The Trumptimidation Game — Twitter


It’s been less than 100 days for Trump in the White House and his use of Twitter has not slowed down post inauguration. Trump has never been one to filter or understand social media and the “presidential decorum” that was associated with it when it was launched in 2013. It’s not surprising that he is using the presidential twitter account to express his disdain for businesses, as it was something he was doing on his personal account way before he became president.

Since his starting use of Twitter, it is approximated that the current president has attacked 61 businesses including but not limited to Apple, Amazon, Ford, T-Mobile and the most recent, Nordstrom.

Why it matters

Using this influence and power to attack businesses is immensely unethical and it doesn’t seem to have an end in the near future, at least not for another 4 years. There is no doubting that Mr. Trump knows the effect of his actions, it’s why he does what he does, and not to be considered an adult temper tantrum.

To put this in perspective, Trump tweeted, “ Toyota Motor said will build a new plant in Baja, Mexico, to build Corolla cars for U.S. NO WAY! Build , plant in U.S. or pay big border tax.” on January 5th, 2017. Following the tweet the US listed Toyota Motor shares dropped .7 percent. It wasn’t the only company to have it’s stock drop or be affected by personal attacks, Lockheed Martin, General Motors among other businesses attacked by Trump has had it’s stock affected.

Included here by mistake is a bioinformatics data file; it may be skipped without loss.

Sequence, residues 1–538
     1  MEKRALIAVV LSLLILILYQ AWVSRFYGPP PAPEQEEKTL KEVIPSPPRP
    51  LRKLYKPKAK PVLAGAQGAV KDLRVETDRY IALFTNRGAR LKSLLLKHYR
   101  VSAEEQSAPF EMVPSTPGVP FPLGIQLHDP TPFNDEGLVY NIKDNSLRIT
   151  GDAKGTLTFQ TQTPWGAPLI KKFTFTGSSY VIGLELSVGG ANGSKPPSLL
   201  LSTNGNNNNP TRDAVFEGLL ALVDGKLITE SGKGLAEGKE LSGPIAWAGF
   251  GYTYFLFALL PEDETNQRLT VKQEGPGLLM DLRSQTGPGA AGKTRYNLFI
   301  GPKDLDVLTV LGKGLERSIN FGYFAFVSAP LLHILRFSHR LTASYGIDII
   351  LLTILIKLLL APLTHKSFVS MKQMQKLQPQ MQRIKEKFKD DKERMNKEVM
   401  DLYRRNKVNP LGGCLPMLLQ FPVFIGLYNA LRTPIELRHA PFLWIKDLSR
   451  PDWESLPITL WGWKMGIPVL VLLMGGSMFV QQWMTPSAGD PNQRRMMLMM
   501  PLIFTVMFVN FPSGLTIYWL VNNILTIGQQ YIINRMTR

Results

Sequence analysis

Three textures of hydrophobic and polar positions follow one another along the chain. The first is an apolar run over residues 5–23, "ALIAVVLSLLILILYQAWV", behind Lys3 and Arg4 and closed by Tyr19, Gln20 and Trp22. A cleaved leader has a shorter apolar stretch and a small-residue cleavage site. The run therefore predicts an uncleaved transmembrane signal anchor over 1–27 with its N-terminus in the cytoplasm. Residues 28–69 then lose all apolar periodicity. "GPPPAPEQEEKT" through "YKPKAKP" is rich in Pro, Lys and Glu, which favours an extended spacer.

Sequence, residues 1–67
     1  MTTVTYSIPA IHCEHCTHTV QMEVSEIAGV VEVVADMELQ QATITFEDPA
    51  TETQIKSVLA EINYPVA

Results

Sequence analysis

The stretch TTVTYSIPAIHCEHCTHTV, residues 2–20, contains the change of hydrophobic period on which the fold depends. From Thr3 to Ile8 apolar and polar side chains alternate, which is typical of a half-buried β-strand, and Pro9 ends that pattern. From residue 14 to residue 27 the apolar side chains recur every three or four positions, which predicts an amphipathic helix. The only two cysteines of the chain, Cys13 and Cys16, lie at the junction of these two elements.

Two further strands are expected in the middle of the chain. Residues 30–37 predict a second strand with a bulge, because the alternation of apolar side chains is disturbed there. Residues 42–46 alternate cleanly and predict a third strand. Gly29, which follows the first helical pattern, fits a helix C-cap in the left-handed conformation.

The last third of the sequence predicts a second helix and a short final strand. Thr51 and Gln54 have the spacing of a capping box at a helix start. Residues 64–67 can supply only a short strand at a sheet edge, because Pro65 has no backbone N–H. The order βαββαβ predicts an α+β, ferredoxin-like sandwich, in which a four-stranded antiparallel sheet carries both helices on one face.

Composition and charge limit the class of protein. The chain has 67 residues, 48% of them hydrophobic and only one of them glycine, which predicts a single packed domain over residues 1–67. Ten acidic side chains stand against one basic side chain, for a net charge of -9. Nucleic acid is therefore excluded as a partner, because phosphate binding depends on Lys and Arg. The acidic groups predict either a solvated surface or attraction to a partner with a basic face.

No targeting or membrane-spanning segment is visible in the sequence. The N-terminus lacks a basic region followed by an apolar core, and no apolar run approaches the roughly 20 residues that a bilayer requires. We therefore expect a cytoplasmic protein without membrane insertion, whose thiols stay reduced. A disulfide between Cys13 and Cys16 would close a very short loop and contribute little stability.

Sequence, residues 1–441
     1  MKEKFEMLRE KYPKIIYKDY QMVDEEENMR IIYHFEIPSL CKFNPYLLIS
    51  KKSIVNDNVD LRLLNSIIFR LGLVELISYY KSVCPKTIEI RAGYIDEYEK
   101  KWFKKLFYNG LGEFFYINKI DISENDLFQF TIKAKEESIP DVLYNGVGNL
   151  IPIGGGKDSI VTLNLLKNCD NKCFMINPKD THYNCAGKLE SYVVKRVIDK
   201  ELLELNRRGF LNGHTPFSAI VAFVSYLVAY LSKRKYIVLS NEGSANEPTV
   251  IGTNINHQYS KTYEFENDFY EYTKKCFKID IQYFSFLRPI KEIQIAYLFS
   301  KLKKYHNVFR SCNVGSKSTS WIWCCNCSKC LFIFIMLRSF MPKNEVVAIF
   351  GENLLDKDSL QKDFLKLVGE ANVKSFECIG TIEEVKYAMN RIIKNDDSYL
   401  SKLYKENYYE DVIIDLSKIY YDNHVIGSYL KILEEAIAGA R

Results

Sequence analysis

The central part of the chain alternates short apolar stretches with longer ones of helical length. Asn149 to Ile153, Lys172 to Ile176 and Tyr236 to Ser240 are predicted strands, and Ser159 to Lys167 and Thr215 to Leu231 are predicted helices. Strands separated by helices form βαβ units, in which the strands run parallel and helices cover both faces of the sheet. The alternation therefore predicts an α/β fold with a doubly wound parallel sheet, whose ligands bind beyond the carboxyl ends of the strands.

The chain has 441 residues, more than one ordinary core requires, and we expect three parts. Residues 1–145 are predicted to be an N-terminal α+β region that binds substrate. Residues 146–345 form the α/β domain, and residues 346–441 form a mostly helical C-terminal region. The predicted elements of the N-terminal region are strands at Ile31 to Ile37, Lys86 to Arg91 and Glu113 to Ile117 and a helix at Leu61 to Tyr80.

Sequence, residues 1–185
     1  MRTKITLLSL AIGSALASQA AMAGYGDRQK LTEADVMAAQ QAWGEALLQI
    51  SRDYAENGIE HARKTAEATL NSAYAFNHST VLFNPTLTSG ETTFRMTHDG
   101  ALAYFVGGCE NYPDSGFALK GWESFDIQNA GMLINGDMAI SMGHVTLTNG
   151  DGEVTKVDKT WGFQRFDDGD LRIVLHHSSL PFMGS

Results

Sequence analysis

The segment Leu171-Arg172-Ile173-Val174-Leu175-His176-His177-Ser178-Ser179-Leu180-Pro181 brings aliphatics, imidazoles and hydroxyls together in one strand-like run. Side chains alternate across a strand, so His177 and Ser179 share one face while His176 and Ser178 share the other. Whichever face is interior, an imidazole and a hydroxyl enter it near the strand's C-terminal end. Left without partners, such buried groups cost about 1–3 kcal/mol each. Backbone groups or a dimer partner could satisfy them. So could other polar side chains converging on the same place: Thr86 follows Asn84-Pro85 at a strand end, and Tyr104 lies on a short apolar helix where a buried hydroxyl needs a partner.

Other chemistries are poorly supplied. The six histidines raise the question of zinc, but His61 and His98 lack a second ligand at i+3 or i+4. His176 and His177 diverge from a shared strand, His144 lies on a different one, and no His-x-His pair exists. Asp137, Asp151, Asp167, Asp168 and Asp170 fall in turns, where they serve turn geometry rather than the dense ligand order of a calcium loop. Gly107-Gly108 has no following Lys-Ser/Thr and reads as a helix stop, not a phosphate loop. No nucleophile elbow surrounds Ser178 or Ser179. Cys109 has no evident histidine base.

Broken curse?

As mentioned before, most recently Trump attacked Nordstrom after the giant retailer dropped his daughter Ivanka Trump’s clothing line, which has since then been dropped by other retailers. Nordstrom cited “poor sales, not politics” as its reasoning. The attack was extended with Press Secretary Sean Spicer stating “This is a direct attack on his policies and her name.” Kellyanne Conway, counselor to the president promoted Ivanka’s clothing line on Fox News which was a “violation of federal ethics rules that bar federal employees from using their public office to endorse a product.”

Nordstrom may have broken the Trump Twitter attack curse in that it’s stock slightly dipped, but rose 4 percent later in the day, unusual for a company that has been mentioned negatively by Trump. This could be attributed to the fact that this was a clothing retailer instead of a giant manufacturer. People took to social media to show it’s support for Nordstrom as well, in a way to boycott against Trump.

Fighting back

This Twitter president has caused businesses to vamp up their PR and crisis communications teams in case of an attack. The fact that this has to happen altogether speaks volumes on how this Trump era is affecting Americans as a whole.

Donald Trump, Sean Spicer, Kellyanne Conway, etc. — They want to play the politics game with their own rules forgetting the people are the game changers. Checks and balances do exist, both in the real world and the social media universe.

The popular vote is proving to be a loud, action-driven and motivated rival for Trump.

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